I consider it advisable to remove the Gold Coast Cruiser Club back patch. I understand the annoyance and frustration which will be felt by many of you, and have had the comment as to why after 7 years have none of the eight 1% clubs on the Gold Coast had a problem with this, but now this comes from a ‘South Brisbane Chapter’! Along with many other comments; all I can say is, I have been given this message to pass on to everyone as soon as possible.
The message is “Get the patches off and that’s it!” from the Nomads.
ALBANY, N.Y. — A federal judge has rejected motorcyclists’ claims that their constitutional rights were violated by New York State Police highway checkpoints that stopped thousands of riders and ticketed many of them.
The main focus of the 2008 statewide initiative by troopers, timed to coincide with rallies drawing crowds of riders, was safety, Judge Gary Sharpe concluded. That distinguishes the checkpoints from “a general interest in crime control” that could have amounted to unconstitutional seizures when there’s no “individualized suspicion of wrongdoing.”
Four motorcyclists sued troopers claiming safety was a mere pretext in looking for criminals and that the practice was intrusive and unfair to riders as a group. Attorney Mitchell Proner said many motorcyclists are interested in the case, the only such federal suit nationally though some other states have similar checkpoint programs, and he will appeal.
According to Sharpe’s Thursday ruling, 5,342 vehicles passed through 17 checkpoints in 2008. Authorities inspected 2,278 and made four criminal arrests in addition to issuing 1,064 tickets, including 365 for helmet violations, 99 for other safety violations, and 600 for non-safety violations.
The ruling cited state data showing an increase in motorcycle fatalities the preceding nine years, and an increase in tickets issued for illegal helmets from 35 in 2007 to 796 in 2008, almost half at the checkpoints. Sharpe also cited a 17 percent decrease in motorcycle fatalities from 2008 to 2009.
“The court concludes the checkpoints were enacted to promote motorcycle safety, a manifest public interest; they were effective in addressing this interest; and that any interference with individual liberties was not only minimal, but also grossly outweighed by the interest advanced,” Sharpe wrote.
The program gave police “appropriately” limited discretion and was “minimally intrusive,” with depositions showing bikers were detained at most 45 minutes even when they got secondary inspections and were cited for inadequate helmets, he wrote.
Lt. James Halvorsen, detail commander of the state police motorcycle unit, said the ongoing program, similar to seatbelt enforcement, succeeded in raising safety awareness. Most riders with approved helmets are waved through the checkpoints, where they slow but don’t stop, he said.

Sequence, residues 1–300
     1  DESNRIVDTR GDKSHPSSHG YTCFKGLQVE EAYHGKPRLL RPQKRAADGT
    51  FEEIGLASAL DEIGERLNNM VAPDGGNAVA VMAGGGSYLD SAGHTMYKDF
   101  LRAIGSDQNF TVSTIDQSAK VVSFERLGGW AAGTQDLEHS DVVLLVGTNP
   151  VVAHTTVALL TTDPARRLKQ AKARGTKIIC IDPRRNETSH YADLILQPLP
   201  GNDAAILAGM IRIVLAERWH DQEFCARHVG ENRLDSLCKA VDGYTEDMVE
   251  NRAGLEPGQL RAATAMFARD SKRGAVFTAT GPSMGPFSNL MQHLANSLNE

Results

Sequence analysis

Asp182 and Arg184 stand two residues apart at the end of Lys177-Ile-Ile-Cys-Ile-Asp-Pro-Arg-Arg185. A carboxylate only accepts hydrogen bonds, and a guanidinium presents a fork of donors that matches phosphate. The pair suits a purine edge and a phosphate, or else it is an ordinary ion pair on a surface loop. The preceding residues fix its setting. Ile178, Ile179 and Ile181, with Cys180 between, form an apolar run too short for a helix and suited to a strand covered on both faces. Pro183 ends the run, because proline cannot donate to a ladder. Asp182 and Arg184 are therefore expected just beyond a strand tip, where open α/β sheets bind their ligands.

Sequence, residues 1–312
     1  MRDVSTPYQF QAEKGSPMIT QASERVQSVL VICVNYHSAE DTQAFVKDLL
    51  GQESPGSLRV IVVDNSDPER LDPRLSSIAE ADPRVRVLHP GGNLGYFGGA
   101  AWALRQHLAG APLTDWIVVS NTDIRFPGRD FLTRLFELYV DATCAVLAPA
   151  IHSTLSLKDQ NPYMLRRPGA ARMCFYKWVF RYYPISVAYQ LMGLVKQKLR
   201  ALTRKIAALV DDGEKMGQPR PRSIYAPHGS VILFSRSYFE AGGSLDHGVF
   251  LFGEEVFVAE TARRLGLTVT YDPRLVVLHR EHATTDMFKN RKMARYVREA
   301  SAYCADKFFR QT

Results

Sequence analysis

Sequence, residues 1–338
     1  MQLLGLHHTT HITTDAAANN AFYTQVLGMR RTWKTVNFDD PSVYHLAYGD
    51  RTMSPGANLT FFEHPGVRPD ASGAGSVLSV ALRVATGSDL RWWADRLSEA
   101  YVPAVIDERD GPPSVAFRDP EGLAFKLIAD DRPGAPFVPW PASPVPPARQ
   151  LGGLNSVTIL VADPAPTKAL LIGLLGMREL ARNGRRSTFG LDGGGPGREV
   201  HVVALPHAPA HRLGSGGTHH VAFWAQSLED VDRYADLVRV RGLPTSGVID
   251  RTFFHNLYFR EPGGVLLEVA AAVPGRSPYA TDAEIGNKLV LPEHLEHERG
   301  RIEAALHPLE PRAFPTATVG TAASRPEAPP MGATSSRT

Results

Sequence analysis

Statewide motorcycle fatalities were 188 in 2008, 155 in 2009 and 180 last year, while the peak in 2006 was 192, Halvorsen said. Whether other police showed up at the checkpoints, that wasn’t coordinated and the troopers’ program was strictly about safety, he said.
“The intrusion on civil liberties is something that shouldn’t be countenanced,” Proner said. The New York checkpoints have continued since even though motorcycles, like other vehicles, are already subject to annual safety inspections, he said.
“It’s obvious just from their own internal documents they’re looking for criminal activity,” Proner said. A checkpoint near Buffalo’s Peace Bridge included border patrol agents, and one in central New York near a rally sponsored by a motorcycle club included gang task force officers, he said.
“The fact they didn’t find crime doesn’t mean that wasn’t what they’re fishing for,” he said. “That just shows you’ve got law abiding citizens on motorcycles primarily being inconvenienced.”
The 18th Annual Street Vibrations Motorcycle Rally is… er… WAS going on this weekend… but as you can see in the press release below, it’s ovah…
In light of a shooting involving rival members of motorcycle clubs at a Spark Casino Friday night, and a subsequent drive-by shooting on Victorian Avenue in Sparks this morning, a state-of-emergency has been declared by the City. It is expected the Governor will also declare a state-of-emergency on behalf of the City of Sparks. Pursuant to the police powers vested in the City of Sparks, the Street Vibrations motorcycle event in Sparks will be cancelled for the remainder of the weekend.
“The safety and security of the public is our number one priority,” said Sparks Mayor Geno Martini.
But, I can understand the safety issue. I have some guys there now and a few friends working the event and am so very glad they are all safe and sound… But, just in case you didn’t hear the news of what went down, here is the rough edit.
It seems that a brawl began in Trader Dick’s, which spilled out onto the dance floor of the casino in which the bar is located. Patrons of John Ascuaga’s Nugget Casino were ushered out of the building when shots began ringing out from the area of the dance floor.
Looks as if 20 or 30 club members from the Hells Angels MC and the Vagos MC mixed it up. Jeffrey Pettigrew, President of the San Jose Chapter of the Hells Angels, was killed and two Vagos members were shot, but are in stable condition.
Renown Regional Medical Center was put on lockdown earlier today after members of the Vagos motorcycle club showed up at the hospital.
While the Sparks events have been shut down, I believe the event is still rolling right along in Reno. If you are out there, please be careful and watch out for each other. Ride safe and I hope there are no more instances to report from this weekend.